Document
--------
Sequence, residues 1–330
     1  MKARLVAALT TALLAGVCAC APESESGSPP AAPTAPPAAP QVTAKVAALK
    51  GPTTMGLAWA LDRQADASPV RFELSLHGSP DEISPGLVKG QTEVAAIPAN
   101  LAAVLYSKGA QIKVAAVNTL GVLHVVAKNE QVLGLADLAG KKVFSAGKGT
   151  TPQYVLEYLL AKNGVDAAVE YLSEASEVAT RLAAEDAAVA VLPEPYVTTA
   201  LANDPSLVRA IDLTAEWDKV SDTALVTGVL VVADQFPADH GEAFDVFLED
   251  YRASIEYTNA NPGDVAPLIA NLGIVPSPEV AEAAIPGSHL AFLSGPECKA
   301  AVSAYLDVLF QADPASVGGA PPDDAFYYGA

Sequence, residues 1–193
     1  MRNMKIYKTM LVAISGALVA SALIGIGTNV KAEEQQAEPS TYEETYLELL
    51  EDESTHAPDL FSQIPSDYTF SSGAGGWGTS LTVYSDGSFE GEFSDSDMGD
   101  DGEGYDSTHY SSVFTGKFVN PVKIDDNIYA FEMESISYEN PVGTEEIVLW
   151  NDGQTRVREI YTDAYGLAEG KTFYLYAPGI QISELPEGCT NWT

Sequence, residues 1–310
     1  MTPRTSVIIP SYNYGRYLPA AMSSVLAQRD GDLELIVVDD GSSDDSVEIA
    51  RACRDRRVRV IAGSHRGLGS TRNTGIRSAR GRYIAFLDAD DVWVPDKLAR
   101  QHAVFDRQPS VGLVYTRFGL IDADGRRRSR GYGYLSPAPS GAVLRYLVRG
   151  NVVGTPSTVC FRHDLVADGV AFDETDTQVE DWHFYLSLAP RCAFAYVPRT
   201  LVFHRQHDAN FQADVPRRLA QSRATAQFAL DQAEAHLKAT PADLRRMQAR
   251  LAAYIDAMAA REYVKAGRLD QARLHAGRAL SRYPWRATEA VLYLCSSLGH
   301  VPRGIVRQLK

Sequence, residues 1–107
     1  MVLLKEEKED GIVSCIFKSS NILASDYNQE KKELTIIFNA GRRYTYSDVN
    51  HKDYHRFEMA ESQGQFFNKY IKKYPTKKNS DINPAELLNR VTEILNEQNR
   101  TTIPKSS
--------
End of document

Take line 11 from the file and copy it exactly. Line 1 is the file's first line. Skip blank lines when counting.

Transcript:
    51  EDESTHAPDL FSQIPSDYTF SSGAGGWGTS LTVYSDGSFE GEFSDSDMGD